a. In Western Europe:
1) Maintenance of public financing as a key element for health systems.
2) A tendency to universalize coverage of the population.
3) A tendency to separate finance and the production of services. The production of services tends to be left in private hands, or in a public-private combination, but based on principles of competitive market management.
4) A tendency towards the integration of various health care systems which are superimposed or coexist in each country into a single harmonized programme, whilst still maintaining differences between countries.
5) A tendency - albeit with different criteria - towards defining and explicitly outlining the risks covered: selective financing, a list of benefits, a basic package-deal, etc.
6) A focus towards a greater role for clinical services and doctors in the management of health services.
b. In Latin America:
1) Refocussing and proposals for redefining the role of the State and the private sector in various areas of social welfare and more specifically in health and medicines.
This refocussing has been encouraged to a large extent by debt problems and consequent fiscal adjustments; an easy reply to this problem is for the State to give up its responsibilities to finance and direct the health system. Such behaviour is dangerous since it could have irreversible consequences.
2) The ongoing reforms follow diverse models and strategies but goals frequently proposed are universal coverage and high quality services.
3) A general model for private financing of health care as a cure for these problems in the long term is questionable, and finds difficult support for social and equity reasons.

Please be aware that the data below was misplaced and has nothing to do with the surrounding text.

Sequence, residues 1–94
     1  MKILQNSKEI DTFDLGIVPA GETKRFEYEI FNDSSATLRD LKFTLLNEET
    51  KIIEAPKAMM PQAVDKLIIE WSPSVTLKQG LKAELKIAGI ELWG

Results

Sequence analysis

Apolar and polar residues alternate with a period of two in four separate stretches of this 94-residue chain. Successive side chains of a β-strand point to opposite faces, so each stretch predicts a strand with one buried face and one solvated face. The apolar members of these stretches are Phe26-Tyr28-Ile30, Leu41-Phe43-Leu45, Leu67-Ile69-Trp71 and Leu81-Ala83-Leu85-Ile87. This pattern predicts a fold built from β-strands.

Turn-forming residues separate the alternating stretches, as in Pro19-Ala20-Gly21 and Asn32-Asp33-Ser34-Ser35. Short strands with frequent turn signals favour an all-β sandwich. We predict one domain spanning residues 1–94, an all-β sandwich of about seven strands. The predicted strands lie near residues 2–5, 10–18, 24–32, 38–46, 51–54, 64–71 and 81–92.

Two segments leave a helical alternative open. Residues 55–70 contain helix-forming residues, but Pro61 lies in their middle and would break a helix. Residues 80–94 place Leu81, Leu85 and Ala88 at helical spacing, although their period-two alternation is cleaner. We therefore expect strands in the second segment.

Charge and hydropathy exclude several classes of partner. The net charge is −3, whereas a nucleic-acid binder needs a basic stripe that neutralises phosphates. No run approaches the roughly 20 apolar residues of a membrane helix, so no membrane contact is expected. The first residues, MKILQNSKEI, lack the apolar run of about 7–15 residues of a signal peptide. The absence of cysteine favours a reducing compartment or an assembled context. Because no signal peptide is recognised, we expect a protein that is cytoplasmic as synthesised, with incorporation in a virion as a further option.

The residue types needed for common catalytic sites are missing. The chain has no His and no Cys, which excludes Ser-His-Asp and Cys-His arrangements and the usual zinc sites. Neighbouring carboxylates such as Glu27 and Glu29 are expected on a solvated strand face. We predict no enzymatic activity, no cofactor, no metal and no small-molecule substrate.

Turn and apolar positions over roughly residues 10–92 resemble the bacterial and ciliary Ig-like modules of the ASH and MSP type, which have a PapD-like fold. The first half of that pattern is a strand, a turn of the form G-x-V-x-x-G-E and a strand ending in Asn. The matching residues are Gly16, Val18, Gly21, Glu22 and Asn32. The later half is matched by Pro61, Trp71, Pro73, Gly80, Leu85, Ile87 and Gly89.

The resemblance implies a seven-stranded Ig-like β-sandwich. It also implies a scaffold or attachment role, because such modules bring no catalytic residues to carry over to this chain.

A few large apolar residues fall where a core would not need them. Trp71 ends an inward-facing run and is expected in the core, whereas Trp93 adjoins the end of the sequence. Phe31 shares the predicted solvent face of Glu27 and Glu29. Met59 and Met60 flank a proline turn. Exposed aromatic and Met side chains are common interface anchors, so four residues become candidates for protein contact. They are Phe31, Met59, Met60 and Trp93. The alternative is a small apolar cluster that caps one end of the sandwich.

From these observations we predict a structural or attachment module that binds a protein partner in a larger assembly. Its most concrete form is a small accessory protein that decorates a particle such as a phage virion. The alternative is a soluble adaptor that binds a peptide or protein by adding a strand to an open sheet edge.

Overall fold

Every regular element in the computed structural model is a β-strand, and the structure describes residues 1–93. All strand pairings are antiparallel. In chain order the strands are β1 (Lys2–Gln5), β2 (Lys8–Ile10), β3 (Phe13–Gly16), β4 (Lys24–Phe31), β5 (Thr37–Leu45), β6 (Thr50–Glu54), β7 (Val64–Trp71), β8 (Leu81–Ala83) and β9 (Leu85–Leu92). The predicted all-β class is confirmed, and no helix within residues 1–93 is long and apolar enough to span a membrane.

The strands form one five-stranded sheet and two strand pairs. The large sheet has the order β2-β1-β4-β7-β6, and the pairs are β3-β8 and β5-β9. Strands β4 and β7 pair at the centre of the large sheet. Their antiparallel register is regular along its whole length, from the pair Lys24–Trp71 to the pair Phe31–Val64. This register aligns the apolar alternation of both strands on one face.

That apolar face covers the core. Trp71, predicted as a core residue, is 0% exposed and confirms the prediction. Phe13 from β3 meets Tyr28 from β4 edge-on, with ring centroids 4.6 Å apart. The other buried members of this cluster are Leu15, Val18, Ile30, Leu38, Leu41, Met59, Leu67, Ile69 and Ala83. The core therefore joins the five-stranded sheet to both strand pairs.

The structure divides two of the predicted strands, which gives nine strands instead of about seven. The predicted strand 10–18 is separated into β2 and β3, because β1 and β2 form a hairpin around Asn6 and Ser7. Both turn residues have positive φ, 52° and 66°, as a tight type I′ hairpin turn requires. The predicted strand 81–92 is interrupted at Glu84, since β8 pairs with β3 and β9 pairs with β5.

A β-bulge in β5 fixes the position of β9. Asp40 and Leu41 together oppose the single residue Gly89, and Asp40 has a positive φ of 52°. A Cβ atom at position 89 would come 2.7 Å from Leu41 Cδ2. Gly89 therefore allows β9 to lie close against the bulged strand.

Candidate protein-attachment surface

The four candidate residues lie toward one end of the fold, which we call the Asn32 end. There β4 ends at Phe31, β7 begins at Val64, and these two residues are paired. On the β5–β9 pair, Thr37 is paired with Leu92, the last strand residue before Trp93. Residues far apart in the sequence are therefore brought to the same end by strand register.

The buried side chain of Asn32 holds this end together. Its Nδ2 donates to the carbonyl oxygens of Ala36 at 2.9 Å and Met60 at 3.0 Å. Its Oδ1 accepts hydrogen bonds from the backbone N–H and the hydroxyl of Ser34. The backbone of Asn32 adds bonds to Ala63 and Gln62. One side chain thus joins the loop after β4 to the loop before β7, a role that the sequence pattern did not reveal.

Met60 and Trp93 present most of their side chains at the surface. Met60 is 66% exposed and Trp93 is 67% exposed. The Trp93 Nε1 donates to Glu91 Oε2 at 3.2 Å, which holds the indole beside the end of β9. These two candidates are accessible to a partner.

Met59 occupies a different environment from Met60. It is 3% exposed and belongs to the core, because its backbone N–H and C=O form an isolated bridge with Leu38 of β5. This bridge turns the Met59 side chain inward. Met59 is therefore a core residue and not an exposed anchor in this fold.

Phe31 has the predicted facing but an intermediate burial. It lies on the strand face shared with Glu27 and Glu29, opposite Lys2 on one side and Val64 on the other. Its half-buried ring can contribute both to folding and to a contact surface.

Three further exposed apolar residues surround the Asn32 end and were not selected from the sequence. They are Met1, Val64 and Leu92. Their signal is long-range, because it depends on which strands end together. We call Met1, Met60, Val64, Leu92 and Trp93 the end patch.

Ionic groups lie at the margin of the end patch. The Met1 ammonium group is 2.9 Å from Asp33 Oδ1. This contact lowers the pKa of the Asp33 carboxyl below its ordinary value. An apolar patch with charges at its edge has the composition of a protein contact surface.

4) The importance of maintaining solidarity has led various countries to outline and base their health benefits on Social Security Systems, with complementary public financing for groups not covered.
5) With the cooperation of the World Bank and IDB, and health organizations (such as the WHO and PAHO) and European experiences, broad directives and basic lines could be formulated to serve as a reference point for different countries when they outline and design the future of their social protection and health care systems.
6) It is also desirable to elaborate and integrate national drugs policies as part of a health policy.
c) In Africa and Asia:
In most African countries, present clear tendencies towards the abandoning of responsibilities by the public sector generally respond to external pressures and have been put forward by agencies and countries as a requirement for granting financial aid.
In Asian countries, this tendency towards abandoning responsibilities by the public sector in this field is also noticeable, although for different reasons which are apparently domestic.